The President's Desk: Andrés Spokoiny

Andrés Spokoiny is President & CEO of Jewish Funders Network. Full bio >>

The Covid Content Revolution

"Overwhelmed as we are with the threat that Covid presents to our institutions, we tend to forget a quiet revolution that is taking place during the pandemic: the democratization of quality."

 

Read article on eJewish Philanthropy

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Covid Was Not a Crash Diet

Anybody who, like me, has ever tried to lose weight – and failed – has experienced some of the harsh realities of dieting. At the beginning, you get really encouraged, take decisive action, and see the results right away. The pounds seem to fall off, and those old jeans suddenly fit again.

But then progress slugs. You plateau and, little by little, you start gaining weight again. Well, you tell yourself, after that run I earned that cookie, didn’t I? You fail to realize the two key truths about dieting: that certain practices, like exercise, portion control, and no-snacking, need to become a way of life, and that every stage requires different actions. The exercise routine that helped you lose your first five pounds may not be effective for the next 10. And your carbs strategy needs to be different: You can totally cut them for two weeks, but can you sustain that over time?

 

Read full article — a Message for the National Day of Philanthropy — in eJewish Philanthropy.

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'Memento Mori': The Unpleasant Reminder That Makes Us Better People (Yom Kippur 5781)

Rome’s highest honor for its military leaders was the triumph. It was an extravagant and lavish affair in which the triumphator, wearing a crown of laurel and a gold-embroidered purple tunic, and riding a gold-plated four-horse carriage, was paraded through the streets of the city at the head of his army, showing off the captives and the spoils that they brought from the campaign.  

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The Rosh Hashanah-Quantum Connection (Rosh Hashanah 5781)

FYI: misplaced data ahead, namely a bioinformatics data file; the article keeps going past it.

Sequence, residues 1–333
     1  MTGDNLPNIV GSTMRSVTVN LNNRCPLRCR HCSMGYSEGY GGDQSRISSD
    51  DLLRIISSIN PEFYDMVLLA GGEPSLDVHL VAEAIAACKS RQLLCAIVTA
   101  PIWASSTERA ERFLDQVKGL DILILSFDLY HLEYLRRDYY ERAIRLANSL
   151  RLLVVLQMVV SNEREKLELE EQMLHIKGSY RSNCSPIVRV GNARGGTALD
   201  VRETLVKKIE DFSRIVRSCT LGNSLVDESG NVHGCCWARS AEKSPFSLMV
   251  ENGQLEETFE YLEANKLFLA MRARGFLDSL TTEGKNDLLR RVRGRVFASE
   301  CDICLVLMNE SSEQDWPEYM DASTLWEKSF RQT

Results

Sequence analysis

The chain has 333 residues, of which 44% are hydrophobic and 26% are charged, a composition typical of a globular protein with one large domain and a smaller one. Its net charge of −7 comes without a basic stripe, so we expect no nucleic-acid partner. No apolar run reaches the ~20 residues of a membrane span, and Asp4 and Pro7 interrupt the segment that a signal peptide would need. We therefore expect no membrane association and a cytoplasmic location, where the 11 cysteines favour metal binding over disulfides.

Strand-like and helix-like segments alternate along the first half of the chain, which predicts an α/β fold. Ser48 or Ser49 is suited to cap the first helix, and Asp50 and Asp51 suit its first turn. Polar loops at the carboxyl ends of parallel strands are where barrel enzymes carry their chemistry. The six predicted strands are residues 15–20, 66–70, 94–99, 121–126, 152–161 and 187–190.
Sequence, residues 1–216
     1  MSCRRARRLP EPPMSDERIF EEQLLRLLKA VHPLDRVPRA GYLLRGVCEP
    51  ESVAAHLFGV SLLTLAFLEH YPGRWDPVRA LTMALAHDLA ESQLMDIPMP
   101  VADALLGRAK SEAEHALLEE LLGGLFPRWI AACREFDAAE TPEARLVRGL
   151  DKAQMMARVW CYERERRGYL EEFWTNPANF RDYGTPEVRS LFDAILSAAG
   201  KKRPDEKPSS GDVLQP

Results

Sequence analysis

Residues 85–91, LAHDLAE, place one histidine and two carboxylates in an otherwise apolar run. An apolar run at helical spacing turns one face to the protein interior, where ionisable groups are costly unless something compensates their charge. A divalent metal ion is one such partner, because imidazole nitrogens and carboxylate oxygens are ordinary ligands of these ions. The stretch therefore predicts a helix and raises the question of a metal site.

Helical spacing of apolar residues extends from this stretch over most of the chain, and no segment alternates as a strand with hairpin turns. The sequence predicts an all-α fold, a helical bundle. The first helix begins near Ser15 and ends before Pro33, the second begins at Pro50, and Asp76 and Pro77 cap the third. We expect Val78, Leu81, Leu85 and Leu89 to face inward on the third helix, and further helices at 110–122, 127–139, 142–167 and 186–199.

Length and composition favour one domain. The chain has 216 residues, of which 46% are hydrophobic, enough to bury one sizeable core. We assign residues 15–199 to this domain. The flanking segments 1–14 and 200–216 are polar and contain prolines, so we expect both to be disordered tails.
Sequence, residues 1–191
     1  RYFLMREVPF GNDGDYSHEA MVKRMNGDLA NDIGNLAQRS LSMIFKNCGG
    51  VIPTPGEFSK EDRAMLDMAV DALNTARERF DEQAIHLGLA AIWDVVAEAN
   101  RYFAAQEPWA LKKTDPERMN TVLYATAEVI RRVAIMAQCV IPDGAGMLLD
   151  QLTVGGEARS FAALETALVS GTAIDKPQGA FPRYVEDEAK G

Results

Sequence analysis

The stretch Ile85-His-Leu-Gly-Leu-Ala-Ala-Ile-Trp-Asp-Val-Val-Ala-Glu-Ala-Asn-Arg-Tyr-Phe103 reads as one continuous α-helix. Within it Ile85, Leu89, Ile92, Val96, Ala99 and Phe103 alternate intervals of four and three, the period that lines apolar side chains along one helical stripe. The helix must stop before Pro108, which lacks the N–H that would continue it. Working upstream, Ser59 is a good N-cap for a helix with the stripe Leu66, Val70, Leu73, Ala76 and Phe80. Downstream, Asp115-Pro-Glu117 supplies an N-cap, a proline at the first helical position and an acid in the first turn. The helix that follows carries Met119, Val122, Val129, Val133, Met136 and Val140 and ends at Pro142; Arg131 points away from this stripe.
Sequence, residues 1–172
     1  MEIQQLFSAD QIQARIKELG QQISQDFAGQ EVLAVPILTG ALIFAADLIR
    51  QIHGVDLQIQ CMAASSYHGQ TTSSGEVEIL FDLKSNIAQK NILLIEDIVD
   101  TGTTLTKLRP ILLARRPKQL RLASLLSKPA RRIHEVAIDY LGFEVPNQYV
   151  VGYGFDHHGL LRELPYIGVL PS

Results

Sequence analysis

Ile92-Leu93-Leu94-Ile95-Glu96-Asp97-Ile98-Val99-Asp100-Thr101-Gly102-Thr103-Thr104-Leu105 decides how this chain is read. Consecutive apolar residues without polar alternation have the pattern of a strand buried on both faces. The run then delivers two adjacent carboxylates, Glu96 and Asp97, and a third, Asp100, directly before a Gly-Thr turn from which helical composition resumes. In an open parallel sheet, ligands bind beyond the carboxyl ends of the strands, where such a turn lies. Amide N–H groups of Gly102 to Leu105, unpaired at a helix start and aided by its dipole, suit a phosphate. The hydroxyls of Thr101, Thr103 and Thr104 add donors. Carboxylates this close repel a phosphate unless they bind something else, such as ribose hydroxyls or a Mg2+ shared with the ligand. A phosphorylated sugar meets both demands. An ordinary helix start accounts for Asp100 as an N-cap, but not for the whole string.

According to physicist Carlo Rovelli, the most radical discovery of quantum mechanics is this: Things don’t have concrete existence, but instead acquire proper entity only when they interact with other things. Like most concepts in quantum, this is mind-bending. At the most basic level, quantum says, our world is not made of “things” but of relationships.

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Seven Questions We Need to Ask in 5781

“Since the destruction of the temple in Jerusalem”, says the Talmud, “prophecy has been taken from prophets and given to fools and children.” In other words, there’s no way of knowing what the future holds. But if I can’t prophesize, I can at least, ask questions. And the questions are more important than the answers, for they can spark important communal conversations.

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Billionaires: It's Time to Give Until It Hurts

Recently, the Washington Post reviewed the charitable donations of the 50 wealthiest Americans during COVID. What they found was concerning: On average, America’s wealthiest families gave just 0.1% of their net worth. That’s equivalent to the median American family giving $97.30. Hardly a sacrifice.

Read the rest of Andrés' op-ed in the Forward.

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To Confront Cancel Culture on Left and Right, Take a Page from the Talmud (Tisha Be'av 5780)

The Talmud, the Jewish people’s greatest work of collective genius, is the direct consequence of the destruction of Jerusalem and its temple that we commemorate on Tisha Be’av.

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Are We Ready for the Spiritual Transformation this Plague Will Unleash?

There’s one critical question many are failing to ask as they scramble to rescue our institutions and shore them up financially: whether the Jewish world is ready for the spiritual transformation this plague is going to unleash.

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What Would Moses Say? Of Nietzsche, Hitler and the Freedom to Hurt Others (Shavuot 5780)

Nietzsche is probably one of the most misunderstood and manipulated philosophers in history. The most pernicious manipulation of him was done, of course, by the Nazis, who turned his inversion of the traditional concept of “natural law” into a justification for genocide.

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On This Covid Yom Ha’atzmaut, Let’s Hit the Reset Button

Many things that worried us tremendously a few months ago seem to have lost their urgency in the age of COVID19. As Bari Weiss noted in a recent New York Times column, “many of the [culture war] battles of the past decade now seem self-indulgent and stagnant; others a waste of time...”

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